A little common sense and effort in laundering can extend the life of a garment. While some consumers prefer the economy of buying garments they can wash, others are looking for the convenience of dry cleaning. Regardless, proper handling and cleaning will have the following benefits:
Garments will maintain a fresh appearance longer
Color fading will be minimized
Damage to fabric from laundering will be reduced
The useful life of fabric will be extended, making your money go farther
CARE LABELING RULE
To assist consumers in getting proper information about clothing care, the U.S. Federal Trade Commission's Care Labeling Rule, as amended in 1983, requires manufacturers and importers to attach care labels giving full instructions for at least one satisfactory method of care necessary for ordinary use of the garment. The rule also requires that the manufacturer or importer possess, prior to sale, a reasonable basis for care instructions.
So, read the label!
Sort articles by color, keeping whites, darks, and medium colors together. Lighter garments can pick up dyes from darker colors.
Separate man-made fabrics, like polyester from natural fibers such as cotton. Man-made fibers can attract the oils that are released from natural fibers during washing. These oils can build up and make spots more noticeable.
Wash heavily soiled, dirty, items separately from slightly soiled items. This will help prevent fading and keep colors brighter.
Try to have large and small items in each washer load. This will let the items move more freely during the washing cycles.
Sort delicate fabrics and loose knits from "tougher" fabrics.
Garments which generate lint, such as fleece sweat shirts and towels, should be washed separately.
It used to be you could help make dyes colorfast by adding 1/2 cup of WHITE vinegar to the washer, before adding the clothes. However, this does not work on today's dyes. If dyes bleed, continue to wash the garment separately until no color bleeds in the wash water.
Deal with the stain as soon as possible. The longer you wait the more time the stain has to soak in and/or dry, making it more difficult to remove.
Lift or gently scrap off any excess material from the fabric. Use a cloth or a towel to gently blot and soak up any liquid. Don't rub! Rubbing can spread the stain and cause it to penetrate deeper into the fabric.
Identify what caused the stain. In order to know what to do for the stain, you need to know what caused it.
Follow the instructions on any presoak, prewash or stain removers. It's best to test a small out of the way area of the fabric first.
If stains aren't entirely removed after washing, try rewashing the item. Allowing the item to dry, or putting it in the dryer, can set the stain for good.
Be sure to check the label for proper care instructions, including the water temperature and wash cycle to use.
Don't overload the washer. If the washer is too full, the clothes won't get enough agitation, and may not get clean. Also, all the detergent may not be dissolved, leaving globs of detergent paste on fabric.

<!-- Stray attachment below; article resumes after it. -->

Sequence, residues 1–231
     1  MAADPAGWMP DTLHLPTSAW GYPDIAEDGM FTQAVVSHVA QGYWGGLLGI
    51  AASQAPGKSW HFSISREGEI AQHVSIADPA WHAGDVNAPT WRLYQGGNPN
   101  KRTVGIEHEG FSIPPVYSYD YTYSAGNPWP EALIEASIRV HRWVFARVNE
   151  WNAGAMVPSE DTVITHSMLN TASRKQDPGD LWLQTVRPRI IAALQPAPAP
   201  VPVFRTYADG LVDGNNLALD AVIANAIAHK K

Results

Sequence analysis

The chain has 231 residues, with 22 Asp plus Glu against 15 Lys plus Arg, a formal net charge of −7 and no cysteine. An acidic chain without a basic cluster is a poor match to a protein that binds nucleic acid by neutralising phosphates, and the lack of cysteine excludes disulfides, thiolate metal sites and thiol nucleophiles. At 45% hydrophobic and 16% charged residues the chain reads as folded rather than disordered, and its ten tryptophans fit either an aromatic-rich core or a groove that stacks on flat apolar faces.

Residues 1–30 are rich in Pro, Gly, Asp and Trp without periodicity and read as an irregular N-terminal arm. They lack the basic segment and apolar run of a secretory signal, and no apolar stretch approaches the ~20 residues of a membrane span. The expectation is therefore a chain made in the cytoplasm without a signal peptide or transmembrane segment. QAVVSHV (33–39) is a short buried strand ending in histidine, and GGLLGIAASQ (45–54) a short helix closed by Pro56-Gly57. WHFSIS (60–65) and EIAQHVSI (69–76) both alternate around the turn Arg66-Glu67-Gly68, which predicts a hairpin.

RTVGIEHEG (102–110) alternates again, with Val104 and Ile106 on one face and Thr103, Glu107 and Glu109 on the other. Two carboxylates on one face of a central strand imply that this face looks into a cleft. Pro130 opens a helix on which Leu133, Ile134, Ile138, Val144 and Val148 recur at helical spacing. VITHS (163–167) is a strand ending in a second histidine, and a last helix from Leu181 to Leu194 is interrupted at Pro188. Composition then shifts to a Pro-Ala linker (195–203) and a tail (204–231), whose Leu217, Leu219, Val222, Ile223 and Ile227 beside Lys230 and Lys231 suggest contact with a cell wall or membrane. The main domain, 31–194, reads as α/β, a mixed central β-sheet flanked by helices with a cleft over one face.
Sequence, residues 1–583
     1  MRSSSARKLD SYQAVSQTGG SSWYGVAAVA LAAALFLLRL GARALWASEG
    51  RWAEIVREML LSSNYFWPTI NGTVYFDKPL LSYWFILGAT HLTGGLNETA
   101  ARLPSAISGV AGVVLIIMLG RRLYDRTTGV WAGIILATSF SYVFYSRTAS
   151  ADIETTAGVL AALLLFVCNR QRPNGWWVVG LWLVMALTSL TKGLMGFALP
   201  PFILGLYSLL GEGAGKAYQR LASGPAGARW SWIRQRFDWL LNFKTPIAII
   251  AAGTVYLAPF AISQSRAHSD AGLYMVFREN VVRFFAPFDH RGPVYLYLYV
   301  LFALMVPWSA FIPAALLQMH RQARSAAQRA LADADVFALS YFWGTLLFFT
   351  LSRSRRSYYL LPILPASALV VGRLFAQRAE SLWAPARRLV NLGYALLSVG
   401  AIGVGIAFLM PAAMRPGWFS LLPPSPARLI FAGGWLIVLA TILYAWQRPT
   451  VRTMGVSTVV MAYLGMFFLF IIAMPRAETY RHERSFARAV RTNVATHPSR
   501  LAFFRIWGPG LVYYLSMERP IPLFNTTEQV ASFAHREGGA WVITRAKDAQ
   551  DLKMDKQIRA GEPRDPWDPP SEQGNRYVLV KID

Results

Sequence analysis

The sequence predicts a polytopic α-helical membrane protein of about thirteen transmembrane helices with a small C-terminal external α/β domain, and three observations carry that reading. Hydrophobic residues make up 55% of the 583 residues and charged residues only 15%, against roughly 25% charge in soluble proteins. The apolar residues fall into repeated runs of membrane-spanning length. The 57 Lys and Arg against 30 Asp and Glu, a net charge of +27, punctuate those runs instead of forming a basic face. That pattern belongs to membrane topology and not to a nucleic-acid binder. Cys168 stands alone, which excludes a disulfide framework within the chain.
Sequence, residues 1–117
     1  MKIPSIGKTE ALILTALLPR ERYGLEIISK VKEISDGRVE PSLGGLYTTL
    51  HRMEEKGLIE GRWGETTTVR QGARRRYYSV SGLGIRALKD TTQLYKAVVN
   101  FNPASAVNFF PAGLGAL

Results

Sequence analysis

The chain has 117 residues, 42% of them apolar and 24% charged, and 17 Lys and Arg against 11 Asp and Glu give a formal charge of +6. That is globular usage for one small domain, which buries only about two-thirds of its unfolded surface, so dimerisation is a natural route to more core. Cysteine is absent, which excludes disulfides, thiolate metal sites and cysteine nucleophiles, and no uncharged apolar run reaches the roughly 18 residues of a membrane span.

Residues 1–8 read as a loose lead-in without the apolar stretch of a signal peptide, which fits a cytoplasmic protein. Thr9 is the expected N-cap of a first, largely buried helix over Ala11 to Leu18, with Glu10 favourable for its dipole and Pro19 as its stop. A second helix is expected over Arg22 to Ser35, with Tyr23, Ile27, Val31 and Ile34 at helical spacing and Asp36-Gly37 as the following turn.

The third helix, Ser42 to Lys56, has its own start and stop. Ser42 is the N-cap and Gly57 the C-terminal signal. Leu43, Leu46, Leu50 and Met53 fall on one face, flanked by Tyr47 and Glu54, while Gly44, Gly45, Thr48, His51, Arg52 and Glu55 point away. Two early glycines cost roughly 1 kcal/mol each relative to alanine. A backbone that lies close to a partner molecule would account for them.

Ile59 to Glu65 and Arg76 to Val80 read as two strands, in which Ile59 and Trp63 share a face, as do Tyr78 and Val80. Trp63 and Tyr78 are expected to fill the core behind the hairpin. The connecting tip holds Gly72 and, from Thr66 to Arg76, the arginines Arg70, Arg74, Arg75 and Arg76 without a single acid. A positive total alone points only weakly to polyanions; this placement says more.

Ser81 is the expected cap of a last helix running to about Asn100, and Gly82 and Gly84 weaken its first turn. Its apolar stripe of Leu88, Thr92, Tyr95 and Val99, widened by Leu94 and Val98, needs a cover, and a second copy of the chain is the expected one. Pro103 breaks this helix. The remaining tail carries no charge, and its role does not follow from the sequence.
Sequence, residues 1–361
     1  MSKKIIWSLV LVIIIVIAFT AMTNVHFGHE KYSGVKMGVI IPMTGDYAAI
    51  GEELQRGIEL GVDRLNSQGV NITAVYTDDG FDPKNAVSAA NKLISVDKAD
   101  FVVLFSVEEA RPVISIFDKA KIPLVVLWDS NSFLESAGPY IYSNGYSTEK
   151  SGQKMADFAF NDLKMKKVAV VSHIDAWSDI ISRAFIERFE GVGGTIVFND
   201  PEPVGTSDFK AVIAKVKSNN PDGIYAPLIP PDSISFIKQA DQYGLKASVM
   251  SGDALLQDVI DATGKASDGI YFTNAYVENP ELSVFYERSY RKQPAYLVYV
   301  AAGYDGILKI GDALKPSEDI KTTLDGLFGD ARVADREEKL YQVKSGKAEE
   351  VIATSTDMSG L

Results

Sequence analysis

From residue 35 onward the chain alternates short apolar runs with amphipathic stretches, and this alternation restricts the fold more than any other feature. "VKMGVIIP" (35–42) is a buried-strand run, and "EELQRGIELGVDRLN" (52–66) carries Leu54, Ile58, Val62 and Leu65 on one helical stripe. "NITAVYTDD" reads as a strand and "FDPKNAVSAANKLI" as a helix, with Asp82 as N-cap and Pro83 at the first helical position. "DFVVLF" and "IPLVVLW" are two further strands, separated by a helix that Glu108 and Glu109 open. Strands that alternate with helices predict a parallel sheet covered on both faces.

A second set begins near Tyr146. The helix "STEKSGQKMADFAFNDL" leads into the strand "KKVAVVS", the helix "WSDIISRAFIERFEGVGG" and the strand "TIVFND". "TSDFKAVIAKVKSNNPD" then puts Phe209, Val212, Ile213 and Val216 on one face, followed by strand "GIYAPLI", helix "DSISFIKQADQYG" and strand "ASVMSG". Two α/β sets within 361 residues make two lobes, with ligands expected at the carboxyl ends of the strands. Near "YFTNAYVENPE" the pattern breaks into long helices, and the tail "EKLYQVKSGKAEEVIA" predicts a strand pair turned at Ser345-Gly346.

Make sure the items are equally distributed around the tub of the washer to keep the load balanced during spinning cycles.
To minimize wrinkling when washing fabrics containing man-made fibers, wash in hot/warm water using a permanent-press cycle. If your machine does not have a permanent-press cycle, use warm/cool water.
Very important tip - Always be sure to check the pockets of all garments before washing and drying. The stains and damage which can result from one hidden lipstick, lip balm, stick of gum or crayon goes beyond words!
Lightly shake out items taken from the washer, before placing them in the dryer. Tightly balled up fabric dries slower and will likely come out wrinkled.
Don't overload the dryer. A stuffed dryer will not allow the items to tumble. Drying will be slower and clothes will wrinkle.
Keep like garments together. Permanent press items should not be dried with towels, and delicate items, such as lingerie should be dried separately.
All clothes should be left in the dryer just long enough to remove wrinkles and moisture. Any longer and the heat can actually "set" wrinkles, increase static cling, and cause shrinkage. This can be true for both natural and man-made fibers.
Use the proper heat setting and time cycle. Don't use a high or regular setting for all clothes. Read the label! Fabrics made from fibers which have low moisture absorbency are fast drying and should be dried using a low temperature setting. This includes:
After removing garments from the dryer, immediately hang them up or fold them. Don't let them lie in a heap. This can cause them to wrinkle.
Permanent press items should be taken out slightly damp and hung on a non-rust hanger. Close clasps and button buttons. Straighten fabric lines and creases, and gently brush out any wrinkles.
Keep the lint filter clean. A clogged filter increases drying time and costs more money in electricity/gas usage.
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